(NewsNation) — Economic experts often urge people to prepare for emergencies by saving enough money to cover expenses for three to nine months. But the reality is that about two-thirds of Americans are living paycheck to paycheck. As people start to dip into whatever they had stashed away, some big companies are offering incentives to keep up with inflation.
U.S. companies have increased base pay, on average, by 4.8% this year. About one-third of large employers are reportedly considering or planning midyear raises.
Jennifer Lamonaca is one of millions of Americans dipping into their rainy day funds as clouds of a potential recession hang overhead. The Bureau of Economic Analysis defines the “personal savings rate” as the percentage of disposable income that we can put away after taxes and expenses.
The pandemic — and three rounds of stimulus checks — padded pocketbooks at first. The personal savings rate hit a record high of 34% in April of 2020. But this April? It was at its lowest since the 2008 recession, at 5.2%.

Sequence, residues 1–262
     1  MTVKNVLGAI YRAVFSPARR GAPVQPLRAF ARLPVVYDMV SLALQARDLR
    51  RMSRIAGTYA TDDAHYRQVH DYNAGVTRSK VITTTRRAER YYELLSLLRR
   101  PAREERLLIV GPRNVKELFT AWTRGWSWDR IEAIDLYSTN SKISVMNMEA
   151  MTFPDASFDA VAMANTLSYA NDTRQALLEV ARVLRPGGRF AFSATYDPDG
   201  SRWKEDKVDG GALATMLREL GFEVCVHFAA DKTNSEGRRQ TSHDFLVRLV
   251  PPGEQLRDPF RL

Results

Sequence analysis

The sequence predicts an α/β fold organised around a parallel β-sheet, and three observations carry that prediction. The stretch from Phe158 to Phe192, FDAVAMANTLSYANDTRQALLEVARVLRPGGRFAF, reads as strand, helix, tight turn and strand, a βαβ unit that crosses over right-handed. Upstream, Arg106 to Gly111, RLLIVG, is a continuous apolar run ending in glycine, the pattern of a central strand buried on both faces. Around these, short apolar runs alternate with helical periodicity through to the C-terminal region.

“Once the world reopened I was so inclined to do things … I had that money saved and I was, like, cool, great. I have so much money and now I want to hang out with my friends. I want to go to happy hour, I want to go to brunch. I want to go to those places,” Lamonaca said.
From COVID’s onset to the end of 2021, U.S. households built up $2.7 trillion in extra savings, according to Moody’s Analytics. But since the war in Ukraine began, savings have been in steep decline, as inflation drives up the cost of gas, groceries and almost everything else.
Moody’s says families have tapped into about $114 billion so far. It’s only about 4% of what we had squirreled away, but it’s enough to make economists leery.
Last month, 52% of those surveyed in an exclusive NewsNation Decision Desk HQ poll said they were worse off financially than they were a year ago. In May, 59% reported it was very difficult or somewhat difficult to make ends meet.
In a historically competitive job market, some major employers are combating inflation with midyear raises and bonuses, including Exxon Mobil, the T. Rowe Price Group and Microsoft. Lamonaca isn’t expecting such good luck to come her way.